He returned for his senior year, frustrated by the five-game losing streak to end that 2007 season. He could've gone pro, but he put it off for a chance at winning at South Carolina. The Gamecocks at least made it to a bowl in his senior season. McKinley missed three games with a hamstring injury, but he still managed 54 catches and 642 yards.

    He lapped Sterling Sharpe's records for receptions and yards. In fact, McKinley finished third in SEC history, with 207 career catches. Only five players in the league's history have more than 200 receptions.

    But, God, this isn't about catches or yards. It's about the fact that no one can say more than three words about McKinley before mentioning his smile. This is about what kind of guy McKinley was in 23 short years.

    It was his trademark, even beyond catches across the middle - and that's saying something. I loved talking with McKinley. He was honest and intelligent, and he didn't mind talking to us. He was the friendliest player I've ever covered, up there with current Diamondbacks and former Braves first baseman Adam LaRoche.

    Again, it all makes it more difficult to digest. It'll be that way for a while, for everyone that came into contact with him -- and even those that felt connected to him from the stands.

    Kenny was a hero to a lot of people, young and old. And I can't imagine a better hero to have. I honestly can't. I'm not just saying that.

    If I had a son (and when I do), I'll tell him about Kenny McKinley.

    Kenny played and worked hard. He took himself seriously, but not too seriously. He was the model student-athlete, a coach's dream.

    These are the cliches that get bandied around when young men die. But, with Kenny, they're legit. He was different. He was special. That would be the case, even if he were alive and breathing this second.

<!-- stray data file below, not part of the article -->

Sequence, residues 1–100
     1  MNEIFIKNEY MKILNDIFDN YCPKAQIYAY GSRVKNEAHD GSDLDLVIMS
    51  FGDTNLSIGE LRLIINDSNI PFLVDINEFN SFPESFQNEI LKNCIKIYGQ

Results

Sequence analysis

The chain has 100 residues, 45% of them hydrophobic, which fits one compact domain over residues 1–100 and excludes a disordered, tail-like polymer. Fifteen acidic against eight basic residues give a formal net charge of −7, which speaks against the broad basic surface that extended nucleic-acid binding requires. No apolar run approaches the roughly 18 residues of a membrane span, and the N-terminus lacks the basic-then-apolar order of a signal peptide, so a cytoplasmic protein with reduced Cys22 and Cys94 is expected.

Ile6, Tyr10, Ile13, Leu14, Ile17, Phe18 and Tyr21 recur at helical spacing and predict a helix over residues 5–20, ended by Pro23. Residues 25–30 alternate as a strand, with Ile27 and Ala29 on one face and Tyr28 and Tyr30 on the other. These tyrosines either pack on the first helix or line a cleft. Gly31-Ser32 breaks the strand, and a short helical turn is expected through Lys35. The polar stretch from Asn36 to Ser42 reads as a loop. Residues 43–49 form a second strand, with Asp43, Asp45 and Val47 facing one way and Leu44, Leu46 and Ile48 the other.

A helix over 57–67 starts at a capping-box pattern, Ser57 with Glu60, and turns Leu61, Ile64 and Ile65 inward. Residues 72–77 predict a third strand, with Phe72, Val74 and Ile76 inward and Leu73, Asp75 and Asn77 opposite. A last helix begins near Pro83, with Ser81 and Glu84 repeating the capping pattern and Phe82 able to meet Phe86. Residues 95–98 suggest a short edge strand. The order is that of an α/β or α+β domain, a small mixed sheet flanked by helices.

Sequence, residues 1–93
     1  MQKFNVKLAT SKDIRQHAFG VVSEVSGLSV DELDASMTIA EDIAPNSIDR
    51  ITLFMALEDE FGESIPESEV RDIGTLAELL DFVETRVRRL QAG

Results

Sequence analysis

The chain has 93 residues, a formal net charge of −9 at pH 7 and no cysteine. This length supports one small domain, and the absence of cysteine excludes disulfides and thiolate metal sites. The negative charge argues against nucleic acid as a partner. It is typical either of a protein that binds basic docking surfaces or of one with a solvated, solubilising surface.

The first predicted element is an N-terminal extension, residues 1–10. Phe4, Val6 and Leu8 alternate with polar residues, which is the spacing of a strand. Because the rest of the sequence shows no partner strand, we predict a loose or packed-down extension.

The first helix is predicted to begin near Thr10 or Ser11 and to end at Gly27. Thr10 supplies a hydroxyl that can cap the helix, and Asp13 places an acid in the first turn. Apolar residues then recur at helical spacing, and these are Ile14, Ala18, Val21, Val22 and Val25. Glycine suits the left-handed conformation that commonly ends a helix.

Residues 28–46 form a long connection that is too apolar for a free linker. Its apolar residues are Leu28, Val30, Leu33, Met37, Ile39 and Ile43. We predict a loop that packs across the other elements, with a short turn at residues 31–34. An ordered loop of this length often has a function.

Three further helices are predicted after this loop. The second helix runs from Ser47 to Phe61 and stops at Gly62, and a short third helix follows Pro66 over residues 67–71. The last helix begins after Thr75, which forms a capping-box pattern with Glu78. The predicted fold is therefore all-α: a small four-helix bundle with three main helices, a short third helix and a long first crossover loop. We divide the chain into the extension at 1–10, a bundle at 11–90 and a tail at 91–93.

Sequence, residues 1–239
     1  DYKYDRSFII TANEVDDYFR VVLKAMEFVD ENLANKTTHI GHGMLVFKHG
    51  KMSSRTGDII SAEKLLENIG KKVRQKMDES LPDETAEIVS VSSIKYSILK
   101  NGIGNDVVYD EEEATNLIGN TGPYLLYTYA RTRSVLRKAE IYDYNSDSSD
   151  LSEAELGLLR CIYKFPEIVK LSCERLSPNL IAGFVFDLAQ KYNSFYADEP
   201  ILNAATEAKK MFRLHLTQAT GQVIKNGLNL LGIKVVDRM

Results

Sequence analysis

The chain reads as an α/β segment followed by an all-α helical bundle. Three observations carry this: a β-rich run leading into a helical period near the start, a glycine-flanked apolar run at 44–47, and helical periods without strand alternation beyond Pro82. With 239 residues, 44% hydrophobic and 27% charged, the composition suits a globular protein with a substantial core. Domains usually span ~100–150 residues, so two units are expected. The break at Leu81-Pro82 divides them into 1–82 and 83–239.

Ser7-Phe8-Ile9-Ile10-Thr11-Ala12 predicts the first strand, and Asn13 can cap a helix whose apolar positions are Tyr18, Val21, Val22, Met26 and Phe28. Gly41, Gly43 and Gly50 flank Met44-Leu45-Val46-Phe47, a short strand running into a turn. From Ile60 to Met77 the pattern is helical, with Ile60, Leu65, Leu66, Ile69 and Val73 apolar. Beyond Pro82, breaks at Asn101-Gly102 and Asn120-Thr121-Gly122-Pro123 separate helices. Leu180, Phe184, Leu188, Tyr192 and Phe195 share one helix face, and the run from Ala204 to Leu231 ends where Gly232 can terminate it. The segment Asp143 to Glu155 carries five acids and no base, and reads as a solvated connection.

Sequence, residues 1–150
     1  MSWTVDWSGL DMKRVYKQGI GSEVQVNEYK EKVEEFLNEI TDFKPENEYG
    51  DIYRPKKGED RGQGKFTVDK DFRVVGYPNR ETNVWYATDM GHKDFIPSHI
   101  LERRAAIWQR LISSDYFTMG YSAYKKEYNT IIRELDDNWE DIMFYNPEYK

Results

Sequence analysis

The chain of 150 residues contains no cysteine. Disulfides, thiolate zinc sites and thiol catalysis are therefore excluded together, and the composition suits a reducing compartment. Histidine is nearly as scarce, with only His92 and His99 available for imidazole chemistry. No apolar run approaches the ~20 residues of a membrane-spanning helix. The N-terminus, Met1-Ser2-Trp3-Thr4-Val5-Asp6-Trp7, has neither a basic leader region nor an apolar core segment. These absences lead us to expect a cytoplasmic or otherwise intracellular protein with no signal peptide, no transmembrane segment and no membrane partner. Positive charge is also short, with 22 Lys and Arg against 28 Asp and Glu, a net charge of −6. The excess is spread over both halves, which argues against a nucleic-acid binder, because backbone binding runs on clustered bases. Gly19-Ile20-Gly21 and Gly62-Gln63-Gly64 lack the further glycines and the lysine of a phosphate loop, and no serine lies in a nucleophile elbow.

I thought all of these things, all along. My friend Lindsay covered Kenny in Denver. Every single time I talked to Lindsay, I told her to tell Kenny hey. I don't do that with other Gamecocks in the NFL. Kenny was my favorite. I know he was a bunch of yours, too.

    Death took McKinley from the world, but it can't take the memories from Carolina. It can't.

    As some of the players have said tonight, Kenny McKinley is Eleven Forever.

  • #2
    I loved reading that. Thank you very much for posting it.
    Kenny McKinley: Eleven Forever.


    • #3
      Thank you for posting this. RIP Kenny McKinley
      Broncosgirl in NY


      • #4
        Thanks for posting the article. Things like this make you stop and think.
        Most of the time you can't see or understand the reason. You always wonder if maybe you could have said or done something to prevent this tragedy.

        My thoughts and prayers go out to his family and young child.


        • #5
          Rest in peace Kenny, Man I hope his family will find peace in their loss. God Bless, the Bronco nation is behind you.


          • #6
            Great article and thank you for posting it. :thumb:

            R.I.P Kenny
            Adopted Poster
            AZ Snake Fan


            • #7
              Wow, this whole situation is just horrible. I don't understand how anything could be so bad in life that you are willing to put everyone you know through absolute hell. I'm not judging, it's just a shame.

              RIP Kenny
              My other love...
              305 HP / 273 TQ / SH-AWD / 6MT


              • #8
                Fantastic article about Kenny. A gone too soon. RIP Kenny.
                2020 Adopt-A-Bronco -- Philip Lindsay -- The Tasmanian Devil
                Let's Go Broncos, Penguins, Penn State, Matt DiBenedetto & Tony Stewart!
                US Navy 8/15/06-CURRENT ~~ EN1(SCW) ~~ ACB-2


                • #9
                  Excellent article. Thanks for posting. RIP Kenny.


                  • #10
                    Just a very sad turn of events for a young man with a promising future. Pray for Kenny's family during this difficult time.


                    • #11
                      Great article thanks for posting. Could not believe it when I heard it, RIP Kenny and condolences to all your family and friends.


                      • #12
                        Just read that write-up somewhere else and came here to post it. Great read! Thanks for posting...

                        RIP Kenny...
                        Winter is Coming!


                        • #13
                          Very nice article. It made me feel like I know the man that much better.

                          11 Forever
                          :usa: *** God Bless Our Military Men And Women*** :usa:



                          • #14
                            I've never really cried over somebody I didn't know.

                            RIP Kenny. RIP.